Lean Startup Philosophy is about iterating on an idea in order to not waste time building something that nobody wants. Here I illustrate many iterations along the journey towards an analysis tool anyone can use with storytelling data. It starts in January 2012, 18 months ago. Eventually you reach simplicity beyond the intermediate stages of evolving complexity, where most projects flounder.
My design goals for the story analysis tool:
- Simple and intuitive user interface – We wanted it to be so easy to understand that people who had no training in statistics or analysis could use it.
- Flexible – able to provide an answer to thousands of questions anyone could pose to a large qualitative data set.
- Online interface built on free/open source code – because our users are spread around the globe and won’t want to download a desktop app.
- Low bandwidth friendly – many of our users get about 200 kbps download speed (about 1% the speed of American Internet!)
- Actionable – aims to provide answers that an organization can use to take action, rather than the “vanity metrics” that Eric Ries complains about in his book. A sample distinction would be knowing how many beneficiaries talked about you (less actionable information) vs discovering what kind of people talk about the problems your organization addresses (more actionable insights).
Complete design iteration map
Every project should make one of these in order to see what’s worked and what hasn’t. Details of each iteration follow.
Or see a previous iteration of this design map.
Detailed Timeline of design iterations
Each of these iterations took about a month (only some of my time was spent iterating on this).
Version 1.0 (a very basic search box that could only return stories that contained the exact phrase you entered.)
Luckily our GlobalGiving tech team was able to put every story online from day one with its own unique URL and meta data. All I had to do was link to the pages and show a summary of the story itself.
Search with more options
User feedback: We need more search options, especially the ability to drill down to stories with specific phrases, mentioning specific organizations, and from particular location.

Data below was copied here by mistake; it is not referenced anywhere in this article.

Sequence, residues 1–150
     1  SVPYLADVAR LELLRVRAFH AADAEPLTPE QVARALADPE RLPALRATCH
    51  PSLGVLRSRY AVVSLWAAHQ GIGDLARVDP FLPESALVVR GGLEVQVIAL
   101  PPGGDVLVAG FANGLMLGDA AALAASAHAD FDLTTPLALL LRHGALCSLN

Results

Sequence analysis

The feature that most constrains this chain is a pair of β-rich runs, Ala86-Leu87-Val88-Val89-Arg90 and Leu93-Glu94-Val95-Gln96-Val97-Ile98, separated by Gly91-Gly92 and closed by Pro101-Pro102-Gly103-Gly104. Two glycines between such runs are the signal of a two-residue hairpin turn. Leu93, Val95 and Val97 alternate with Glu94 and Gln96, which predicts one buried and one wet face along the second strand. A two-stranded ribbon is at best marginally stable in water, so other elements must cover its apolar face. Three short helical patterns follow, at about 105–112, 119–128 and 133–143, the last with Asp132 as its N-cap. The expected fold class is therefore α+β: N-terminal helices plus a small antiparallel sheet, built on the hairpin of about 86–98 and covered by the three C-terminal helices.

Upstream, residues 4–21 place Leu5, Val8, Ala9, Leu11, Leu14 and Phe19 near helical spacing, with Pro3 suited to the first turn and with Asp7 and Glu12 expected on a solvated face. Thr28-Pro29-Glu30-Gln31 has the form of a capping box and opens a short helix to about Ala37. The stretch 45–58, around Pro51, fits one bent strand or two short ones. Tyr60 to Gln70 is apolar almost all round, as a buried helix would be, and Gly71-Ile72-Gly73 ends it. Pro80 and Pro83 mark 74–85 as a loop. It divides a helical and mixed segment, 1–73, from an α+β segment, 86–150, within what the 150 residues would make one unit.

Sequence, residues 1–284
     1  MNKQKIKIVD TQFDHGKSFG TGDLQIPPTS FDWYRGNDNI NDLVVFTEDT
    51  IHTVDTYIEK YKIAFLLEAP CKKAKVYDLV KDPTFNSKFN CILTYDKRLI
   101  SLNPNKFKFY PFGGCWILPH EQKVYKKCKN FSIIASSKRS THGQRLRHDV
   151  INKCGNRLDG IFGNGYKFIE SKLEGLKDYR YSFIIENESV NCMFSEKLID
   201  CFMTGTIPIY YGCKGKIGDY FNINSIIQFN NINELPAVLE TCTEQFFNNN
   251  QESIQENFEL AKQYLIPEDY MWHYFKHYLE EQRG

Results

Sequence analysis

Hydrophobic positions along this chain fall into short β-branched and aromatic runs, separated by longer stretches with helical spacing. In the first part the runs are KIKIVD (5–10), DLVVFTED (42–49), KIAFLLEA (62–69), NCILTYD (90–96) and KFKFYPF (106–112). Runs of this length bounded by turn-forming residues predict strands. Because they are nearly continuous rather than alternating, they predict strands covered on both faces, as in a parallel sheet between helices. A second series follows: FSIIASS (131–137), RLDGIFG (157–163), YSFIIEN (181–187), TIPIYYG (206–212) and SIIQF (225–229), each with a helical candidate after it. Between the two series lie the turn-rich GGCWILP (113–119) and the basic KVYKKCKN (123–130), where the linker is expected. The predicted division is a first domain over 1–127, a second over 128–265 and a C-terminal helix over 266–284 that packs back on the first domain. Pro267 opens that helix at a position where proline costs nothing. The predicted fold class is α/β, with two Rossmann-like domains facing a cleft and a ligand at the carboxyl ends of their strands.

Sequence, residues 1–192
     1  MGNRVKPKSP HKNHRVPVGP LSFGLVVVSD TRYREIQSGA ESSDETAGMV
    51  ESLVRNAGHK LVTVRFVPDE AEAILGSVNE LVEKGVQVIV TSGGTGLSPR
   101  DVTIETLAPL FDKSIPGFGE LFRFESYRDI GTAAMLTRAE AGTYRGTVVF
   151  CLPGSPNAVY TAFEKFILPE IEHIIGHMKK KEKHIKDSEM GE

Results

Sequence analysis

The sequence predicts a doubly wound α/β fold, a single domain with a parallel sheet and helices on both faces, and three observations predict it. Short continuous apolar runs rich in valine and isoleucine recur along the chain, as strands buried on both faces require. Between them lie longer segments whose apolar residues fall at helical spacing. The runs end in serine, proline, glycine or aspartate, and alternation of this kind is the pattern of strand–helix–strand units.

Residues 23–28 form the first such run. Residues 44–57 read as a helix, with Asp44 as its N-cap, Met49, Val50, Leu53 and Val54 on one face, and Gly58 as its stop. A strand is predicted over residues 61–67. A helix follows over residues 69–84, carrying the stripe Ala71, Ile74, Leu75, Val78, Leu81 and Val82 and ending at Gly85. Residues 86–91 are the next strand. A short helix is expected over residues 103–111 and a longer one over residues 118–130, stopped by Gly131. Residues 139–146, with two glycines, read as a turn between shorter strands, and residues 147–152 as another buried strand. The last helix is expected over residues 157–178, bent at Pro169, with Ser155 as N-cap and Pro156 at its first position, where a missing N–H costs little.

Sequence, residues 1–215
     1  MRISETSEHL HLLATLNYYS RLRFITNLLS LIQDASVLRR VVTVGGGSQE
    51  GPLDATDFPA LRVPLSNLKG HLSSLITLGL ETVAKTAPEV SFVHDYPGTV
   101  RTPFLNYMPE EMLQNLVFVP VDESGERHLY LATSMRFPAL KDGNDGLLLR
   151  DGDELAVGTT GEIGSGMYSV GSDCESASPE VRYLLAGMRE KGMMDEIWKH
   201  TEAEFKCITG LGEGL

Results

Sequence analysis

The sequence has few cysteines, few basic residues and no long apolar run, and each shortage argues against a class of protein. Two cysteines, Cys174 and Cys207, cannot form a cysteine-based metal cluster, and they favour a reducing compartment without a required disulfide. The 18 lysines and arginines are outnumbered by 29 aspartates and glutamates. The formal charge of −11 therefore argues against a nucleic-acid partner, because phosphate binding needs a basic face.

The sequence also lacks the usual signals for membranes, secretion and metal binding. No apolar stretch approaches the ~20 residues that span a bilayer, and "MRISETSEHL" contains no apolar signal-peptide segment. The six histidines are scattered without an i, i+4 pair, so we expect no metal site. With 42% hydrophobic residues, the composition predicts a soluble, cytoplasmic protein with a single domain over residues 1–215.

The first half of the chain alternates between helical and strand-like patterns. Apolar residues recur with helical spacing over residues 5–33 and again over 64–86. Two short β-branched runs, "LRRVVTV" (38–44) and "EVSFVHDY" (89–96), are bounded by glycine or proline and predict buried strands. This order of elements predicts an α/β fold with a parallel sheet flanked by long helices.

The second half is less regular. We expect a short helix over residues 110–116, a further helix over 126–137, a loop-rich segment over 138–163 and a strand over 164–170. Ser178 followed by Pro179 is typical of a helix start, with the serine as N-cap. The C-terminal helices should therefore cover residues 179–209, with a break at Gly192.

Design changes: I hired a freelancer to build something more sophisticated, but the php/mysql design was not very easy to maintain because a drop-down list of orgs and locations pulled from hard coded information. Yet our data set was constantly out-growing the drop down list.
I also thought seeing a list of what others had searched for would help. It didn’t work within this design. I am planning to re-introduce this feature this month in a more usable form (the 100 top story “topics” shown below as search-result links instead of just the last 10 searches people performed on this page).
Visual who-what-where visualizer
I realized that what I believed people using search wanted as a quick vizual summary of all the ideas in a set of stories. So Fabio (my freelance developer) built a bubble chart that would make bubbles change size if they were more common. It elevated the word-bubbles when they were coming from a larger scope of stories (more scribes, more NGOs, more locations) and spread the words along the X-axis alphabetically to make it more readable.
This gave interesting results, but it wasn’t obvious what the visual pattern meant in many cases. It also could only drill down to a point. Then, if you wanted to go deeper into a set of stories you couldn’t do any more than just read them. And some common words would flood the view (like “help” and “child”).
Still, it was amazingly helpful in seeing a “self-report bias” pattern present in stories from one organization and not in another:
Organizations that provide “too much helpful guidance” to storytellers on what stories to write generate a set of stories with no “noise” at the bottom of this chart. So it is useful, but doesn’t actually give a good summary of what the stories contain.
At this point, I was beginning to think that these bubble-word maps could show much more information to our organization users if words were connected to each other in a map. So I used python and Gephi -a free network mapping tool – to build maps.
This one maps the adjacent words in sentences to build a meta-phrases map
I used this to provide feedback to some organizations. For example, all the stories that mention ANPPCAN are merged into one phrases map here:
Eventually, iteration on the mapping concept could yield some pretty powerful analyses. Here, two rape prevention programs in Nairobi are contrasted by comparing the words in both stories in red vs blue.
But even iterating on the design to map words in stories in more elegant ways did not capture the idea of what was in stories very intuitively.
Problems with maps:
- Not intuitive: It required us to educate our users, which did not meet our design goals.
- Not online: Gephi is desktop software. we built on online version but it more difficult to interpret. There is potential here to make a “community map” of organizations in a location and the topics they address (and visualize what the community wants that is not being addressed) – but this too diverged from our design goals.
- Not flexible if offline: We could never provide the user with a dynamic tool if it was not web-based.
- Lukewarm user response: I did a few tests with organization users. Demand was there, but not enough to make developing this a top priority.
The word cloud technique provides an effective way to contrast two sets of stories. So I built a prototype.